"There are no mistakes, only opportunities."
Although this is one of Tina Fey's rules for improvisation, it can also apply to science. There are many inventions that we take for granted today that were born from "mistakes" or, to use a more positive phrase, "happy accidents."
Most people are aware of the stories about the discoveries of penicillin and Post-it notes (which are detailed below), but others are less well-known. For example, the concept behind the thermal ink-jet printer was discovered by accident in 1977 when an engineer at Canon in Tokyo, Ichiro Endo, rested a hot soldering iron on a syringe which held ink, causing the syringe to eject the ink. This concept eventually became the mechanism behind the first BubbleJet printer.
Scotchgard was discovered by Patsy Sherman, a chemist at 3M, while she was trying to develop a rubber that wouldn't deteriorate from exposure to jet fuel. When she was experimenting with a mixture, some of it accidentally dropped on the tennis shoe her assistant was wearing. The assistant was unable to clean the substance from her shoe, as it seemed impervious to water or alcohol, which fascinated Sherman. Sherman had stumbled upon a fluorochemical polymer that would repel water and oil from fabric. It was manufactured and sold as the first Scotchgard product in 1956.
In 1839, Charles Goodyear was looking for a way to fix the current flaws of rubber, which solidified and cracked in winter, and melted in the summer heat. But Goodyear discovered vulcanized rubber quite by accident when he happened to spill a mixture of rubber, sulfur and lead on a hot stove. The mixture charred and hardened, but the rubber was still malleable enough to be usable. He patented his vulcanization process in 1844, long before the age of automobiles. Years later, in 1898, the men who started the Goodyear Tire & Rubber Company named it after the man who made their business possible.
The adhesive behind Post-it notes was discovered in 1968 by Spencer Silver, a researcher at 3M Laboratories, who was actually looking for a stronger adhesive than what was currently available. Instead, he found a weaker one, an adhesive that stuck to objects but could be pulled off without damaging them or leaving a residue. A few years later his colleague at 3M, Art Fry, spread the adhesive on small pieces of paper to mark and re-mark his place in his choir hymnal. When he started using the small pieces of paper at work, colleagues came by to borrow some, and the Post-it note was born.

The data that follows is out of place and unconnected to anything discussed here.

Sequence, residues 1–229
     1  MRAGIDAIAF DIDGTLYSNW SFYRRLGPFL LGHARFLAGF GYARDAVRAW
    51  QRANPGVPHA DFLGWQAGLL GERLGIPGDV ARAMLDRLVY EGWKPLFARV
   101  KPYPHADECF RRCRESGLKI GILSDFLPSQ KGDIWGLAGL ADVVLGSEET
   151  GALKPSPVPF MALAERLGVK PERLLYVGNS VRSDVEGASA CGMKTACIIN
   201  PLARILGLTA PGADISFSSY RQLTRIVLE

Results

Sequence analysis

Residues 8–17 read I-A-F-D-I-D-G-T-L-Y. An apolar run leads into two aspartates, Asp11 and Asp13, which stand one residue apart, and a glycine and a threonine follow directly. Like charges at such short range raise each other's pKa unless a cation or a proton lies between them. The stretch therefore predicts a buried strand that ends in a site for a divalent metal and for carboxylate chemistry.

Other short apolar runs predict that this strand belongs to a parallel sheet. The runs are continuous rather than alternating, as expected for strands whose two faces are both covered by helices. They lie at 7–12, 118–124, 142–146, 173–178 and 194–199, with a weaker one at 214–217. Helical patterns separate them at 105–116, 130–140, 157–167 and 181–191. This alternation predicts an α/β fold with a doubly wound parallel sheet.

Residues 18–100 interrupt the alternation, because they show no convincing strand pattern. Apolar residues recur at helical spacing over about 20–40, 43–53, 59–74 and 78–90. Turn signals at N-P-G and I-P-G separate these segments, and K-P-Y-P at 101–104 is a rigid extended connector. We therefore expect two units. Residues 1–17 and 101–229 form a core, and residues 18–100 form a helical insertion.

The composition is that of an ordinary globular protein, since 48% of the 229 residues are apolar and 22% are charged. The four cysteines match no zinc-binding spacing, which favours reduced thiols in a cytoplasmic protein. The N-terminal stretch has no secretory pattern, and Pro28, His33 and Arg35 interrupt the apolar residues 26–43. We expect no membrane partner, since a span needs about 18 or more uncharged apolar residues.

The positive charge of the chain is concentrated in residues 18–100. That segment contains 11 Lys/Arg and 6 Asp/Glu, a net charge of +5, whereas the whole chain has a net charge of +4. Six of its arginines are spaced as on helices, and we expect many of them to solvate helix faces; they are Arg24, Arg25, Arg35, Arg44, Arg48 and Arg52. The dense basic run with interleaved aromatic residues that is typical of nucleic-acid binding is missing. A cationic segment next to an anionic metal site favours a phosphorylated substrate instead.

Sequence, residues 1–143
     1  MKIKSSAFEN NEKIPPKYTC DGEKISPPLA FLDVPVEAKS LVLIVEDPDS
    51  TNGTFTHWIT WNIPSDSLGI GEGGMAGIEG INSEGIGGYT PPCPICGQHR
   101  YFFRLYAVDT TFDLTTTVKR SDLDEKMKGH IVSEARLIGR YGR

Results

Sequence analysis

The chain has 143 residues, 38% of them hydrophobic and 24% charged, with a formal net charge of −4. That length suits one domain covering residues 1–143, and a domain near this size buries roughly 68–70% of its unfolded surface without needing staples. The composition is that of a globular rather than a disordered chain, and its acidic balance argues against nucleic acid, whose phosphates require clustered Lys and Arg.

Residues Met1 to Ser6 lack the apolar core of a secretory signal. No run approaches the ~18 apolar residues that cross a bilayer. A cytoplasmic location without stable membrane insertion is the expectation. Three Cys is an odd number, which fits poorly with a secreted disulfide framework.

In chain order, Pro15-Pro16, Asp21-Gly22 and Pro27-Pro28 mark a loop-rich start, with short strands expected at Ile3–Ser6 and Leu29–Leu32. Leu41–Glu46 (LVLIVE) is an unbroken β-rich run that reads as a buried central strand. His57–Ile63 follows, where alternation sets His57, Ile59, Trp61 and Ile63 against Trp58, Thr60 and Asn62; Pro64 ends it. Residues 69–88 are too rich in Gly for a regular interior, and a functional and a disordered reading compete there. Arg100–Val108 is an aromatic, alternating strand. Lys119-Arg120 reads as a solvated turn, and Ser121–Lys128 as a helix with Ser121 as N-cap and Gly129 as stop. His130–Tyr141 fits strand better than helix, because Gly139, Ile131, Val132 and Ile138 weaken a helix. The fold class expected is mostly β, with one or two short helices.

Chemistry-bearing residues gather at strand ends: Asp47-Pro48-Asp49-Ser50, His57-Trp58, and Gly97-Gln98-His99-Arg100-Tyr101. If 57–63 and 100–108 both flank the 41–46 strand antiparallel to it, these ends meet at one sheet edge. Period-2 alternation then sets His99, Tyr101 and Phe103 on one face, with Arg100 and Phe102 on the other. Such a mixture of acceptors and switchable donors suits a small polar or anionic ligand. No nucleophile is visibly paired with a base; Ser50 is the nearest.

Probably the most important "accidental" discovery was penicillin. It was discovered in 1928 when Sir Alexander Fleming, a Scottish biologist who was studying the bacterium staphylococcus, left his petri dishes stacked on a bench while he went on holiday. When he returned, he noticed that a mold in a discarded petri dish (which he identified as Penicillium notatum) was growing in such a way that it dissolved all the bacteria around it. It wasn't until the 1940s, however, that the antibiotic agent was isolated and put to medicinal use.
Such "happy accidents" are continuing, and are likely to continue, into the future. In 2003, Jamie Link, a graduate student at the University of California at San Diego, discovered "smart dust" — programmable silicon particles — when a silicon chip she was working on exploded. She noticed that the small pieces still maintained their properties as sensors. Smart dust has uses and potential uses in medicine, pollution monitoring, equipment monitoring, and even bioterrorism surveillance. Although the concept had been researched since the 1990s by others, Link's unexpected discovery earned her the top prize of $50,000 at the Collegiate Inventors Competition in 2003.
Louis Pasteur said, "Chance favors the prepared mind." When scientists are open-minded to seeing all the possibilities in front of them, especially those they weren't looking for...that is when scientific magic happens.